8 Bird, S. P., Tarpenning, K. M. & Marino, F. E. Designing resistance training programmes to enhance muscular fitness: a review of the acute programme variables. Sports Med 35, 841-851, doi:10.2165/00007256-200535100-00002 (2005).
9 Garber, C. E. et al. American College of Sports Medicine position stand. Quantity and quality of exercise for developing and maintaining cardiorespiratory, musculoskeletal, and neuromotor fitness in apparently healthy adults: guidance for prescribing exercise. Med Sci Sports Exerc 43, 1334-1359, doi:10.1249/MSS.0b013e318213fefb (2011).
10 Schoenfeld, B. J., Grgic, J., Ogborn, D. & Krieger, J. W. Strength and Hypertrophy Adaptations Between Low- vs. High-Load Resistance Training: A Systematic Review and Meta-analysis. J Strength Cond Res 31, 3508-3523, doi:10.1519/JSC.0000000000002200 (2017).
11 Lopes, C. R. et al. The Effect of Different Resistance Training Load Schemes on Strength and Body Composition in Trained Men. J Hum Kinet 58, 177-186, doi:10.1515/hukin-2017-0081 (2017).
12 Schoenfeld, B. J., Ogborn, D. I., Vigotsky, A. D., Franchi, M. V. & Krieger, J. W. Hypertrophic Effects of Concentric vs. Eccentric Muscle Actions: A Systematic Review and Meta-analysis. J Strength Cond Res 31, 2599-2608, doi:10.1519/JSC.0000000000001983 (2017).
13 Westcott, W. L. et al. Effects of regular and slow speed resistance training on muscle strength. J Sports Med Phys Fitness 41, 154-158 (2001).
14 Schoenfeld, B. J., Ogborn, D. I. & Krieger, J. W. Effect of repetition duration during resistance training on muscle hypertrophy: a systematic review and meta-analysis. Sports Med 45, 577-585, doi:10.1007/s40279-015-0304-0 (2015).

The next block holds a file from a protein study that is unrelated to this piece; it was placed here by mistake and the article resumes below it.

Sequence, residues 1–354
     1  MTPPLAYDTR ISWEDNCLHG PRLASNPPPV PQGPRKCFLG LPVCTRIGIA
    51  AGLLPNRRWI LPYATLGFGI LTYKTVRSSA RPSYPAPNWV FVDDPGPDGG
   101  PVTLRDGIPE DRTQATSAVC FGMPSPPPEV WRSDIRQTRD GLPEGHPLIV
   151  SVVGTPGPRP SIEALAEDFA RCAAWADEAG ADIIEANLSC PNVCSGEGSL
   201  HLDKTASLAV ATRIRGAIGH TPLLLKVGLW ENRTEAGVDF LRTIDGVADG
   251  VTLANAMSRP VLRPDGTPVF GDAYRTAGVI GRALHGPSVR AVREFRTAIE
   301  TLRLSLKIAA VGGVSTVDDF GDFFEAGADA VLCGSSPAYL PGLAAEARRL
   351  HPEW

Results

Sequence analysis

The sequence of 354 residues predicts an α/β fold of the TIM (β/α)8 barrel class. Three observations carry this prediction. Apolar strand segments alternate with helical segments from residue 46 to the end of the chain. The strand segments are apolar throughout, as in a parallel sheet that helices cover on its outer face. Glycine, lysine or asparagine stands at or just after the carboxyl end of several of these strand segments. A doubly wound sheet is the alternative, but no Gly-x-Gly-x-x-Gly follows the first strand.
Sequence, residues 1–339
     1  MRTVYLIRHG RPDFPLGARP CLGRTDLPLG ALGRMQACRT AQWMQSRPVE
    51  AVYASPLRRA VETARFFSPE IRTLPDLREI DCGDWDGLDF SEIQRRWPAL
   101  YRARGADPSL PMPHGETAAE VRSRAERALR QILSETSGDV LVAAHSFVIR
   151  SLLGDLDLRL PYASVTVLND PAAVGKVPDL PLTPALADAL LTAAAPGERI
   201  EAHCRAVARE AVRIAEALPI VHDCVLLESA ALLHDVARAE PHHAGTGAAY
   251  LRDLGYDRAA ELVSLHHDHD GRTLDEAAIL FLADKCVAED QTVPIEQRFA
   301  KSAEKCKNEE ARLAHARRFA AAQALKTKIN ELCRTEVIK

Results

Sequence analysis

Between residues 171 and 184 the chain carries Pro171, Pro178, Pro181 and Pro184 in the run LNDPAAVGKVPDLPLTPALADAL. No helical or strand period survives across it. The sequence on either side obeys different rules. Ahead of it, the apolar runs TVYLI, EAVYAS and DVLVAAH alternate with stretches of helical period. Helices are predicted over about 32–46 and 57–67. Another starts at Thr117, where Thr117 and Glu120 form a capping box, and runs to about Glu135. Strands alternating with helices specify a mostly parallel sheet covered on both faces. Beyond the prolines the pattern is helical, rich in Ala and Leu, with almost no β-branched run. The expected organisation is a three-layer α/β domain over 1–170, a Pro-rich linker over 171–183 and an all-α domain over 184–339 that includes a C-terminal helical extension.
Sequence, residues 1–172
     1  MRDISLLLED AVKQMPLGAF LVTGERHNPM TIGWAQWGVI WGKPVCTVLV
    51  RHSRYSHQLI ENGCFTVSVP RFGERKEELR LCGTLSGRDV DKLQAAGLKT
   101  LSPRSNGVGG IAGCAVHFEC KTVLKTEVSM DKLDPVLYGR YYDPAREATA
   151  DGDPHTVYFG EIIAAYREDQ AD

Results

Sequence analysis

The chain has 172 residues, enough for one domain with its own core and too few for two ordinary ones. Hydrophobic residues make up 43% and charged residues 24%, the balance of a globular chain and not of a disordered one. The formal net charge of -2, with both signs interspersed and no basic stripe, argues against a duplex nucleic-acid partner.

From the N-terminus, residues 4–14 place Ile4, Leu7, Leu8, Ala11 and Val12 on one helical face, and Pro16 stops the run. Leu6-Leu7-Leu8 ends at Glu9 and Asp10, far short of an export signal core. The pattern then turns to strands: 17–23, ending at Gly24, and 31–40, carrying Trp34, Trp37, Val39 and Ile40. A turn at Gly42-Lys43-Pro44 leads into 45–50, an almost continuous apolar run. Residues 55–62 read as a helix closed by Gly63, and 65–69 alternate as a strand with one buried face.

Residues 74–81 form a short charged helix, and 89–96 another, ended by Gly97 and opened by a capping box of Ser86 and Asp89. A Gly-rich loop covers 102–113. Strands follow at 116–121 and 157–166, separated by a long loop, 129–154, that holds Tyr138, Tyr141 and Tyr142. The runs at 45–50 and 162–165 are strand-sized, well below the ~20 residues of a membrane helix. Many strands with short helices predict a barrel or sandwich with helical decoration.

15 Grgic, J., Schoenfeld, B. J., Skrepnik, M., Davies, T. B. & Mikulic, P. Effects of Rest Interval Duration in Resistance Training on Measures of Muscular Strength: A Systematic Review. Sports Med 48, 137-151, doi:10.1007/s40279-017-0788-x (2018).
16 Robbins, D. W., Young, W. B., Behm, D. G. & Payne, W. R. Agonist-antagonist paired set resistance training: a brief review. J Strength Cond Res 24, 2873-2882, doi:10.1519/JSC.0b013e3181f00bfc (2010).
17 Antunes, L., Bezerra, E. S., Sakugawa, R. L. & Dal Pupo, J. Effect of cadence on volume and myoelectric activity during agonist-antagonist paired sets (supersets) in the lower body. Sports Biomech 17, 502, doi:10.1080/14763141.2017.1413130 (2018).
18 Fink, J., Schoenfeld, B. J., Kikuchi, N. & Nakazato, K. Effects of drop set resistance training on acute stress indicators and long-term muscle hypertrophy and strength. J Sports Med Phys Fitness 58, 597-605, doi:10.23736/S0022-4707.17.06838-4 (2018).
19 Schoenfeld B, G. J. Can drop set training enhance muscle growth? Strength Cond J.40, 95-98 (2018).
20 Tufano, J. J., Brown, L. E. & Haff, G. G. Theoretical and Practical Aspects of Different Cluster Set Structures: A Systematic Review. J Strength Cond Res 31, 848-867, doi:10.1519/JSC.0000000000001581 (2017).